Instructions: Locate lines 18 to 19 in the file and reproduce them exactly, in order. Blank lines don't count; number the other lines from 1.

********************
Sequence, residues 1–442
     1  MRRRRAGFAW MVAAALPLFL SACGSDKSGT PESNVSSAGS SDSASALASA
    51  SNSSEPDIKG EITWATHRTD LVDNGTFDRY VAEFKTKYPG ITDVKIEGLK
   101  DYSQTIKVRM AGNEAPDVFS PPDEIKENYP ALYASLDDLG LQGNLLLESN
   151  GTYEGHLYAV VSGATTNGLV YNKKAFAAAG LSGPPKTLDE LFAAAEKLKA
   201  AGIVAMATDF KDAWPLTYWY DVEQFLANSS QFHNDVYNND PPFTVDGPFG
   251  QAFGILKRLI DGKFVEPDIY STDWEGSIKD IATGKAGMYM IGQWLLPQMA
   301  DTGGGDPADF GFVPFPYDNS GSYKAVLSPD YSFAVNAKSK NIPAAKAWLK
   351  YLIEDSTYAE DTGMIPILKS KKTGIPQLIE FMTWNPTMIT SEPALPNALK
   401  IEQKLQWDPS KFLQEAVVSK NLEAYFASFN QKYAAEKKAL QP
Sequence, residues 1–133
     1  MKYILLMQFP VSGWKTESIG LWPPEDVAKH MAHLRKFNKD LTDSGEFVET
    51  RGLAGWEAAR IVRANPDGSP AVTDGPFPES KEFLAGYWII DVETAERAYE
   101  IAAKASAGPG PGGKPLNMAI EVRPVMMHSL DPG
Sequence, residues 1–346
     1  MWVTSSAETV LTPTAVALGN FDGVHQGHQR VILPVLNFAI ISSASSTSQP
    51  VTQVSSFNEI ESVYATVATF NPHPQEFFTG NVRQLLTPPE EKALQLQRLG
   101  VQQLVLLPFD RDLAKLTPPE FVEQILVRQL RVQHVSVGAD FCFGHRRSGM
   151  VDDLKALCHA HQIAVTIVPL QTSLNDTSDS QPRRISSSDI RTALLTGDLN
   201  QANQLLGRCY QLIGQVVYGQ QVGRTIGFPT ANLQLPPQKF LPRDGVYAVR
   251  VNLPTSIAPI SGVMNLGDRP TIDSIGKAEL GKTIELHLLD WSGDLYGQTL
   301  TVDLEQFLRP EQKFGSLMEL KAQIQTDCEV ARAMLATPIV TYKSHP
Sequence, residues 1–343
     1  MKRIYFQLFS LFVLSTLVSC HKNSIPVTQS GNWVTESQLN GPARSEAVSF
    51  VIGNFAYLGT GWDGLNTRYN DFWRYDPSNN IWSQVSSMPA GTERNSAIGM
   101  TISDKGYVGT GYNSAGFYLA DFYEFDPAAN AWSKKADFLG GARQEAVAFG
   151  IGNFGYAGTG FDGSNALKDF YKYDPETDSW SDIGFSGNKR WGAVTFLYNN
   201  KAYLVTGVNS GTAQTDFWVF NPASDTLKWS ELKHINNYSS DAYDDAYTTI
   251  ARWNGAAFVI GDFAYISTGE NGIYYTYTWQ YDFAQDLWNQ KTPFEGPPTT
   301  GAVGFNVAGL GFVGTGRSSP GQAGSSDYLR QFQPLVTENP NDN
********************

   101  VQQLVLLPFD RDLAKLTPPE FVEQILVRQL RVQHVSVGAD FCFGHRRSGM
   151  VDDLKALCHA HQIAVTIVPL QTSLNDTSDS QPRRISSSDI RTALLTGDLN